Which is lot less annoying and creepy than an adult played by a little kid, as Dakota Fanning’s career has demonstrated. Sadistic revenge fantasies like the Mexico City-set Man on Fire have their place in this world and are hard for me to empirically condemn, but the idea that an already irritable man would take forty-five minutes of a movie to avenge Dakota Fanning’s death is something I’m just not willing to accept. I can almost never sit through her performances, but we watched this movie at the tail end of a long and drunken night, when civic pride had long since overpowered any vestiges of personal pride. (When Denzel Washington buys a Linda Ronstadt album just blocks away from the spot where we’d bought this very movie, we practically cheered.) Actually, I sat through Man on Fire against my will, since I’d already seen it when I was living in the city, and at a time when I was so enamored of the place that as soon as the movie ended I watched it again with the commentary track (just in case they mentioned my apartment number or something). It mostly consisted of the director and some other guilty party insisting that the movie wasn’t as bad as the critics said it was, and was sprinkled liberally with Dakota Fanning annoyingly and creepily naming people on the set who were great to work with. Why doesn’t the MPAA take a stand against mixing children and commentary tracks?
Your friendly blog poster's fave photo of Dakota Fanning in Man on Fire!!!
With Denzel and Dakota out of the way, we moved on to happier territory (at least I did, everyone else having fallen asleep). The Barkleys of Broadway was Fred Astaire and Ginger Rogers’s Technicolor comeback after a ten-year split, and it was the last film they ever made together. According to the mini-doc included on the DVD, the success of Easter Parade had Astaire and Judy Garland locked in for another moneymaker, but when Garland got sick Rogers hinted that she might be interested in an adrenaline shot to the old career.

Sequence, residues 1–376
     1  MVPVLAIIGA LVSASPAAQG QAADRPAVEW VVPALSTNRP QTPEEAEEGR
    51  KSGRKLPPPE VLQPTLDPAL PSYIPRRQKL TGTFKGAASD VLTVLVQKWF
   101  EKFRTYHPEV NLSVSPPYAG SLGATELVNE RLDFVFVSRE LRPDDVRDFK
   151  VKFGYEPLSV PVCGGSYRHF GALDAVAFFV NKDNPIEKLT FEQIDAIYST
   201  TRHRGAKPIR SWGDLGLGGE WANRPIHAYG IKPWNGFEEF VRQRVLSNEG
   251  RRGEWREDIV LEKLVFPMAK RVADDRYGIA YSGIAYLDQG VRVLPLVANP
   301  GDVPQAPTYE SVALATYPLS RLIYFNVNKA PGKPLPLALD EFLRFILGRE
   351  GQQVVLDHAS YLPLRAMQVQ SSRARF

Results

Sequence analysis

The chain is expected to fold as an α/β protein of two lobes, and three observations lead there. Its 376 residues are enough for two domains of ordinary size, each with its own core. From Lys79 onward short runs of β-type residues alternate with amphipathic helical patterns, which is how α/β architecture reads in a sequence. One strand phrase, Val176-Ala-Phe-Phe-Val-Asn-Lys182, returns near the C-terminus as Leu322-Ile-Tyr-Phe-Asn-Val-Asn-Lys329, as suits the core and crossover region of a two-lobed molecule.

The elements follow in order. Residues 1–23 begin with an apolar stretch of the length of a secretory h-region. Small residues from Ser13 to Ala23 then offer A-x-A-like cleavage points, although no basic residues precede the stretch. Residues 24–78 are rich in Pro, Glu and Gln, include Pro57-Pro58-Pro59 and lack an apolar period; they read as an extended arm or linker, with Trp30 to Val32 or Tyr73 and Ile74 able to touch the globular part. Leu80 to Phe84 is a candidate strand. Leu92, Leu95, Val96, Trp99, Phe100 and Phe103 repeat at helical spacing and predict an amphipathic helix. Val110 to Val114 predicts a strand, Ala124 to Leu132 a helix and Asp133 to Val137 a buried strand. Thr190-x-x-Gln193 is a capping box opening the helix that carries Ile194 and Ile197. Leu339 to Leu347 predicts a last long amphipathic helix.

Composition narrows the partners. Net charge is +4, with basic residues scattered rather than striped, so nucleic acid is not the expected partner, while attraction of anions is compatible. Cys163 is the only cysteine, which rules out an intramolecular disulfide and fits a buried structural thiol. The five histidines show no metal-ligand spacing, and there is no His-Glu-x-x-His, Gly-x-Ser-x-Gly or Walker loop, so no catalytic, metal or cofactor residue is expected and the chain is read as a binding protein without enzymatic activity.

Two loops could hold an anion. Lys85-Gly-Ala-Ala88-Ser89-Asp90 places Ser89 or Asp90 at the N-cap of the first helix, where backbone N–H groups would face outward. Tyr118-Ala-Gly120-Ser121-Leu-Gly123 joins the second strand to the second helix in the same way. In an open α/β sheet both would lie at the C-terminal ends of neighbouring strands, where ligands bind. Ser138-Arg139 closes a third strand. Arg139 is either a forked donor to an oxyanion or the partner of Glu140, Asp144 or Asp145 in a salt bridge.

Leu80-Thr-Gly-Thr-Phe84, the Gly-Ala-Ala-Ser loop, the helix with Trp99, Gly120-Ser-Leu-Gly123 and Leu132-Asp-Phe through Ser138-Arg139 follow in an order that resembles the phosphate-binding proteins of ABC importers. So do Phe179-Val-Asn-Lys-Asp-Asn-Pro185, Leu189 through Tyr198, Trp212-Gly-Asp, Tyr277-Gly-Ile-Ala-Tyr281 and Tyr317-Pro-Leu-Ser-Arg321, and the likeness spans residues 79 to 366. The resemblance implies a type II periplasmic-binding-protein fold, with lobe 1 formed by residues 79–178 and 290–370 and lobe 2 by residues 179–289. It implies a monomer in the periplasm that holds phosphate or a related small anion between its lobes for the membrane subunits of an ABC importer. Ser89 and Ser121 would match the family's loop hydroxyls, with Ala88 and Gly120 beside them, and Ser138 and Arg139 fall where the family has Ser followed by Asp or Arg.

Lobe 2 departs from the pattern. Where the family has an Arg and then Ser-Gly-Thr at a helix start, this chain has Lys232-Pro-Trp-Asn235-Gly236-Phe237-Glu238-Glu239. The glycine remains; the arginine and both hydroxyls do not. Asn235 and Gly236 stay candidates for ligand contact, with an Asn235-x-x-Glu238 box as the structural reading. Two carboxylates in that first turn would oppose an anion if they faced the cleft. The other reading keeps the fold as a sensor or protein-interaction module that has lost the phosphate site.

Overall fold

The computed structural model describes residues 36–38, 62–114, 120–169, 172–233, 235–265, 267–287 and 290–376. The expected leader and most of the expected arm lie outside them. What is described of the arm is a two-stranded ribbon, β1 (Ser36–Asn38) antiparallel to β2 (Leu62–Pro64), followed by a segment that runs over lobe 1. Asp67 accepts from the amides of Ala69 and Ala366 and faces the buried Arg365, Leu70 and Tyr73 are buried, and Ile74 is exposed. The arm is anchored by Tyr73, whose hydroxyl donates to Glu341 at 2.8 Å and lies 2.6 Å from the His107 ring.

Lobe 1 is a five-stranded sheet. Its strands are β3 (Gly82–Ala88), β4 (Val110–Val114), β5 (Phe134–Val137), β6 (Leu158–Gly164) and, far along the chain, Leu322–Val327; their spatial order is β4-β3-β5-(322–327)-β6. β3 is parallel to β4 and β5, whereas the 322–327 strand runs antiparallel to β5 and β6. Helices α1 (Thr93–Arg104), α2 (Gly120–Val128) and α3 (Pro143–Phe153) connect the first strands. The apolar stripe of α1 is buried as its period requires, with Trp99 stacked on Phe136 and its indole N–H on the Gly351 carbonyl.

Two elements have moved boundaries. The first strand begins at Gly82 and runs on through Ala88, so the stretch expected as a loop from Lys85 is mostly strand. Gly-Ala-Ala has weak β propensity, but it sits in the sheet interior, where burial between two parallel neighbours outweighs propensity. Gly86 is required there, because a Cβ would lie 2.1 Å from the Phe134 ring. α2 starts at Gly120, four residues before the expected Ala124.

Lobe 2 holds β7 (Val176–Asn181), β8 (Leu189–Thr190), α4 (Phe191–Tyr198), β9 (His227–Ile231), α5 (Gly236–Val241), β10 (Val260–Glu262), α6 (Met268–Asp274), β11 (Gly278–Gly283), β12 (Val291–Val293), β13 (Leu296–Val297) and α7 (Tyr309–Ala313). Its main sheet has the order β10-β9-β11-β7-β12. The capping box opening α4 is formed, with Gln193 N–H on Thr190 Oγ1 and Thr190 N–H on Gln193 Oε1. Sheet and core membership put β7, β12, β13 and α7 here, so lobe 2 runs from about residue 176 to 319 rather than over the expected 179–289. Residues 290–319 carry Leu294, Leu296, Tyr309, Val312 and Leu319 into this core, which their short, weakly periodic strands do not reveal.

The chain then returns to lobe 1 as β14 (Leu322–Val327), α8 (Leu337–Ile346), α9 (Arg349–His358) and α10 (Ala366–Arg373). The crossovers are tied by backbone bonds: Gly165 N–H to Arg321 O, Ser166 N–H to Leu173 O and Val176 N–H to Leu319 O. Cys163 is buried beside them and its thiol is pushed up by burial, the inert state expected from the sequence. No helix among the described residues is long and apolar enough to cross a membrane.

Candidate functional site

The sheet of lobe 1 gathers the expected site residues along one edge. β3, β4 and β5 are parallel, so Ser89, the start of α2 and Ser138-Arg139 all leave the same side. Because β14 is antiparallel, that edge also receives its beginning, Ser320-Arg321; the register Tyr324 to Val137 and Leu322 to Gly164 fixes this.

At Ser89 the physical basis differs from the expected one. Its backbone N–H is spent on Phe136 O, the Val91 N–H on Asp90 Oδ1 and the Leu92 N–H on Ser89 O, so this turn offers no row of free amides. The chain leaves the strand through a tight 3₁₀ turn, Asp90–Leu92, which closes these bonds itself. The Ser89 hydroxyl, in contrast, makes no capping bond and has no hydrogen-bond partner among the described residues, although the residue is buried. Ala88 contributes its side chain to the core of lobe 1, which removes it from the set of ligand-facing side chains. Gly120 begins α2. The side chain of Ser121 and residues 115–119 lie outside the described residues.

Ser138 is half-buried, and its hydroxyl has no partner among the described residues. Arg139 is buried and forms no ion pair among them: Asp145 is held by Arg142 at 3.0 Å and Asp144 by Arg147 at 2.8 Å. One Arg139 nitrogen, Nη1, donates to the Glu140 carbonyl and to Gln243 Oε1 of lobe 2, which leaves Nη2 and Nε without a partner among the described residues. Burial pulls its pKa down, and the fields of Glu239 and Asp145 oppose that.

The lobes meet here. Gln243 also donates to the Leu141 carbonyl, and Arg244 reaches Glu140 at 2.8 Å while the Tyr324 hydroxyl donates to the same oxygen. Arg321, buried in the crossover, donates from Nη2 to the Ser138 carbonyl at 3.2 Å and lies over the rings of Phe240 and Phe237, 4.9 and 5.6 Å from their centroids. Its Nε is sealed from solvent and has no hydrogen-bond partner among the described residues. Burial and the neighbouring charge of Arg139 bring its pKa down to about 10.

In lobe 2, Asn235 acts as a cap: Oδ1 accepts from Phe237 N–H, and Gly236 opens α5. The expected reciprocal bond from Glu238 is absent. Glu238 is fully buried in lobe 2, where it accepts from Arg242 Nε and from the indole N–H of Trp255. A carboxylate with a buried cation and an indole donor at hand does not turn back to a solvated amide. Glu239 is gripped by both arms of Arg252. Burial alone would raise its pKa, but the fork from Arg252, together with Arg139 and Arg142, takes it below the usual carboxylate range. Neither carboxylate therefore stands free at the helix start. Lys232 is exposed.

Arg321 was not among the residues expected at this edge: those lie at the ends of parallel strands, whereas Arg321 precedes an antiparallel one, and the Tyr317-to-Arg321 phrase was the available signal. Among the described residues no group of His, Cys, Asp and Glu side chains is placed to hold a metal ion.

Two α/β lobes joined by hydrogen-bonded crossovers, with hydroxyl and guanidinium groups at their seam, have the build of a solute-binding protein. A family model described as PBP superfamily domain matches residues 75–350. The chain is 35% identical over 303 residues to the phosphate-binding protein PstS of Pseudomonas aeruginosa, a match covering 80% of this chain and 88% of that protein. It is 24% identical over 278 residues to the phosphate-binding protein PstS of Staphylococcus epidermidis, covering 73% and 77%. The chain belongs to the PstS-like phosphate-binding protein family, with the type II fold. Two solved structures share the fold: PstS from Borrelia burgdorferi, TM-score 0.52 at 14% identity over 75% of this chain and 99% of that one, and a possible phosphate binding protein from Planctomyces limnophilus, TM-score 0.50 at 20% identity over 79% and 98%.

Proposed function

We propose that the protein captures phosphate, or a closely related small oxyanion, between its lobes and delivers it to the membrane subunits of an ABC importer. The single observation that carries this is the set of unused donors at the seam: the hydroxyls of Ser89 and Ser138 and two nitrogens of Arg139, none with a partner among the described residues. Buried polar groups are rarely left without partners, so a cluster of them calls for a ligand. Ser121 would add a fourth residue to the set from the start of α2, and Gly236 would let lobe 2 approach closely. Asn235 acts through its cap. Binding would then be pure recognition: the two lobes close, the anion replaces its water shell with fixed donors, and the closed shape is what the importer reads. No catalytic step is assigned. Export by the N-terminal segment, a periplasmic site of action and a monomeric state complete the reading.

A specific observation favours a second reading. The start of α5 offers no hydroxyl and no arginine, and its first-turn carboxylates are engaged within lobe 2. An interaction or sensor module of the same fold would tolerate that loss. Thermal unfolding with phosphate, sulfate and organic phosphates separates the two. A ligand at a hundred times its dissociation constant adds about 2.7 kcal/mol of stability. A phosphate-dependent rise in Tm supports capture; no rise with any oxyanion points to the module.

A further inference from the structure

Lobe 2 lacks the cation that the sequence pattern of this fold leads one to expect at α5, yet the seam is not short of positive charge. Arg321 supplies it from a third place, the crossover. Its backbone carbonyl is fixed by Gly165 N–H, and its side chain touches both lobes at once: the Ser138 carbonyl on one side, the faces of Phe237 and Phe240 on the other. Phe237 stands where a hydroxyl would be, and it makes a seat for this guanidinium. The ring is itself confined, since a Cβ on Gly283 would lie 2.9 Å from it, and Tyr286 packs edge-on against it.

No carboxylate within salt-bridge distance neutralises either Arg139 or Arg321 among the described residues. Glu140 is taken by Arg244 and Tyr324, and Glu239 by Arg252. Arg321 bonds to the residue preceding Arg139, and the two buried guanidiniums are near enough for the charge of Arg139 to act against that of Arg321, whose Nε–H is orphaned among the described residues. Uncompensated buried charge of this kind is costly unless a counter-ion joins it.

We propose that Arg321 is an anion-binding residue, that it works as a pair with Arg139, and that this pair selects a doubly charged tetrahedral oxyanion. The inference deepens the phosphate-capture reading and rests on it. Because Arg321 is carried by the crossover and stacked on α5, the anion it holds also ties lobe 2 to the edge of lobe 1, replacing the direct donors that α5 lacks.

What seems like a Thomas Wolfe-ian disaster of an idea actually works really well; in fact, the writing in Barkleys of Broadway seems sharper and the editing a lot less narcoleptic than many of their Depression-era productions. Ira Gershwin’s lyrics are as winning as ever (“Till Mother Nature vetoes/ The bees and the mosquitoes/Mother Nature is no mother of mine”), but his brother was sorely missed. In other sad news, the proud tradition of the fruity character actor had been abandoned with the exclusion of Eric Blore and Eric Blore’s teeth. Oscar Levant’s piano-playing playboy was more than compensation, though (sorry Eric). And anyway, the gaping hole where the fruitiness should have been was filled by an impressive undercurrent of bitchiness: one wonders how Rogers felt about the movie’s resemblance to the real story of her leaving the duo, and how she felt about an ending that has her character sprinting back to musical comedy where she belongs.
Ginger Spice, step to this
The observation, traced to a Frank and Ernest comic strip, that Rogers had to do everything Astaire had to do but backwards and in high heels (Backwards in High Heels, a musical about Rogers, comes out next year) might not even have been as important a point to her as the fact that she could also act circles around the guy, who always delivered his lines like he was about to sneeze. She left the team to do more dramatic work, but I always think of her as a comedic actress first, only because Billy Wilder’s The Major and the Minor (where Robert Benchley, an Algonquin Round Tablemate of Levant’s, offers up his famous version of the “slipping into a dry martini” line that first appeared in Mae West’s Every Day’s a Holiday and has made it as far as the hallowed halls of The Simpsons) was the first thing I ever saw her in. As an adult playing a child, she blows El Chavo del ocho out of the water.